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Mathematical Models of the Spread of Rumors, Diseases, Fish Population Growth, and the

Effects of Fishing!

Basically, all of the above can be described, in simple terms at least, by the logistic (differential)
equation, though no calculus will be required, as we will only find it necessary to examine the
quadratic term on the right-hand side of the equation, describing the growth rate of the rumor, or
disease, or population. We would start off with a heuristic derivation of the logistic equation by
supposing that there are two categories of people comprising a closed community: the population
is constant. This may seem very unrealistic, except over short periods of time, for what about
births, deaths, "emigration" and "immigration" within such a community? And while this is a
valid criticism, there are several contexts in which a constant population is valid: cruise liners,
and political bodies (House, Senate, etc.) being two such examples. A cruise liner may have a
thousand passengers (and several hundred crew members) on board, whereas the United States
Senate has one hundred members. In each case, the total population is constant (ignoring people
falling overboard in the former case, of course!), but within each community, there may be two
classes of subpopulations. Obviously the number of males and females remains fixed, so what
could vary?

We might examine the simplifying assumptions inherent in such a model by supposing that a
passenger with a contagious and easily transferable disease boards the cruise liner (without
exhibiting any symptoms at that time). Over time, assuming all the other passengers are
susceptible to this disease, as the infected individual comes into contact with them, the number of
infected passengers increases -- and this is certainly something that has happened on several
occasions in recent years. So in this case, at any given time in this simplified model, there are two
categories of passengers: those that are infected and those that are not. And in this model these
populations will vary monotonically over time subject only to the condition that their sum is a
constant, K. We could change the scenario from transference of a disease to that of a rumor:
gossip! In that case there would be additional assumptions to be made: (i) that everyone who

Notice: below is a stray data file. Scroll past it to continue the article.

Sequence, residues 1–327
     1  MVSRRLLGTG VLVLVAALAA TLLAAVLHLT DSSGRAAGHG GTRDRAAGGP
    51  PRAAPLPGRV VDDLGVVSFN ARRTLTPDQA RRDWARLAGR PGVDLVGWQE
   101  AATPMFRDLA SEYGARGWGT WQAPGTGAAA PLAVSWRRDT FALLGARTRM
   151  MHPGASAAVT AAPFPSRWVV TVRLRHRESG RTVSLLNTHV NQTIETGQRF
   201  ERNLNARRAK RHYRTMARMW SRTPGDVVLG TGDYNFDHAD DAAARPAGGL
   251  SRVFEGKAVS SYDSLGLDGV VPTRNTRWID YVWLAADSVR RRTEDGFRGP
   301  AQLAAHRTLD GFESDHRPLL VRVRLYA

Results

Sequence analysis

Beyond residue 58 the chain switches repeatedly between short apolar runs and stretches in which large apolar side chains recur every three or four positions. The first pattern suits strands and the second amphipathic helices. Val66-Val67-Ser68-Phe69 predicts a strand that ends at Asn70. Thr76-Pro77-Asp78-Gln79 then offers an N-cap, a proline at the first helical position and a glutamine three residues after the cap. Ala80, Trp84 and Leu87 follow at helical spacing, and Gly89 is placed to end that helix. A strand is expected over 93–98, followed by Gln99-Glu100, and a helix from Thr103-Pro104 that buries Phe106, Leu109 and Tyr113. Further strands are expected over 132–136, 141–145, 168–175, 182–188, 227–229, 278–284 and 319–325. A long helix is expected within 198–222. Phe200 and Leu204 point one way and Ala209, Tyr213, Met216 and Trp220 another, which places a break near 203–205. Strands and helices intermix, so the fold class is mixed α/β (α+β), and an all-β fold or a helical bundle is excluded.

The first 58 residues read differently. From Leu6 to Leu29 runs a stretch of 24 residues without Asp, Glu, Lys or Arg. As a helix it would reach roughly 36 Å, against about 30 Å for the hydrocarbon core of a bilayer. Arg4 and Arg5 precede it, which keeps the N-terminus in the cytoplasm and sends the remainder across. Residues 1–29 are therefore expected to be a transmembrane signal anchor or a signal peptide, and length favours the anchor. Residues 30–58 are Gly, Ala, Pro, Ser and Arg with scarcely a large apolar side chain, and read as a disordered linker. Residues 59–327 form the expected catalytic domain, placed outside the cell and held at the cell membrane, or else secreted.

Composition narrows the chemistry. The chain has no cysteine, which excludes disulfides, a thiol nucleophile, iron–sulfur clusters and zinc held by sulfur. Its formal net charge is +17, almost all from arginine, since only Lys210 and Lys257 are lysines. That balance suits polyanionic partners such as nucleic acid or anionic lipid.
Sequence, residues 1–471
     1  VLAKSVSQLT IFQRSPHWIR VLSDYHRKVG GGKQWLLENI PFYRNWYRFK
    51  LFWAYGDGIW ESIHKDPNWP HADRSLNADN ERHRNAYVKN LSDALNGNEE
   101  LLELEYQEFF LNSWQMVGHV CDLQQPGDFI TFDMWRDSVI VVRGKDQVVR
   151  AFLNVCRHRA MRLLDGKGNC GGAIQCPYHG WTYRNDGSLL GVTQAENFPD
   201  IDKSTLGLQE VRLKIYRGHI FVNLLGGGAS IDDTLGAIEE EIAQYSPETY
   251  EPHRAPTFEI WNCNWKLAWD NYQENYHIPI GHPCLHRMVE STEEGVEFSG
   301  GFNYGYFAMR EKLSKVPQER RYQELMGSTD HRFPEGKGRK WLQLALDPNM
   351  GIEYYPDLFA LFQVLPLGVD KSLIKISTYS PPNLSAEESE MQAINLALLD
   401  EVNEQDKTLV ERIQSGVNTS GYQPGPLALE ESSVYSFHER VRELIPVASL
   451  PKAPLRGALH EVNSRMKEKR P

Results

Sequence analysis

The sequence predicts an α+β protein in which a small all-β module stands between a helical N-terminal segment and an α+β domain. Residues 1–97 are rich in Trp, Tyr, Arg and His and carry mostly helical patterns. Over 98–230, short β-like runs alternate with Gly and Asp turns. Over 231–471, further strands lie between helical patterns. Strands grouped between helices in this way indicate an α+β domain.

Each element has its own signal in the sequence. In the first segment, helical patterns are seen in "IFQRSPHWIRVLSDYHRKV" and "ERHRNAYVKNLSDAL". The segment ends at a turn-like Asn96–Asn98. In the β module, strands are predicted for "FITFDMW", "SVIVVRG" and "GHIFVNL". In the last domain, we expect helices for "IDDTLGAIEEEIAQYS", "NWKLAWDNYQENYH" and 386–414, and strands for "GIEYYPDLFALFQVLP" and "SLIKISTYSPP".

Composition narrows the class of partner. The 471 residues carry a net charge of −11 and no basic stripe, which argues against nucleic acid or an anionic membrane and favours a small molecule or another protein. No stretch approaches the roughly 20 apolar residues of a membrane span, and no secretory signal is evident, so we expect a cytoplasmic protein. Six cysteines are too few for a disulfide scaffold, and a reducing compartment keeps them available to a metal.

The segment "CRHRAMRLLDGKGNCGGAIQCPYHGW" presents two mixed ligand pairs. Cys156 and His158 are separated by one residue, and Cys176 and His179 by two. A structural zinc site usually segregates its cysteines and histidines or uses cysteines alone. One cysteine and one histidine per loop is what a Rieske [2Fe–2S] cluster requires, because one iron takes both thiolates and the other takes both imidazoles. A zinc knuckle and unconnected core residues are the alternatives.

knew the rumor would be willing to share it, and (ii) that everyone who did not know it would be
willing to listen (and hence pass it on!). A related context is that of advertising by word of mouth:
"Did you hear about the special offer being made at Sunbucks? They're giving away a Caribbean
cruise to everyone who buys a grande peppered Latvian pineapple-cauliflower espresso mocha

In the case of the US Senate, we might suppose that Senator A introduces a Bill (perhaps to
restrict the availability of the above coffee at Sunbucks because of its harmful effects on the local
populace?). Perhaps there is little support for the Bill initially (many of the Senators like that
coffee), and as acrimonious but eloquent debate continues, more and more Senators begin to see
the error of their ways, and well…we'll just have to tune in to C-Span to see the outcome...

There is a major limitation in this approach, regardless of context. In describing the rate of
change of the two populations, we are making the implicit assumption of differentiability, and
hence continuity of the populations. But the populations are discrete! There are always an integral
number of infected passengers, or of senators disposed to vote for the Bill (and despite one's
personal misgivings about Senator B, though he may only do the work of half a senator, he is one
person). Our model is strictly valid when there is a continuum of values of the variables
concerned, and in that sense can never be totally realistic, even when there are billions of
individuals (such as the number of cells in a tumor). It is usually the case in practice that the more
individuals there are in a population, the more appropriate the mathematical description will be
from a continuum perspective, because small populations can be subject to fluctuations that are
comparable in size with the population! Under these circumstances a discrete approach is
desirable. Nevertheless, when the number of possible "states" is limited (as in "Aye" or "Nay",
infected or not), frequently the calculus-based approach is sufficiently accurate to "interpolate"
the behavior of the more accurate discrete formulation. And that is what we could do here in the
context of the Cruise liner epidemic, neglecting all complications like incubation times, and
likelihood of recovery and/or immunity from the disease. Such considerations are very important
in realistic epidemiological models, but these would not be addressed in this model.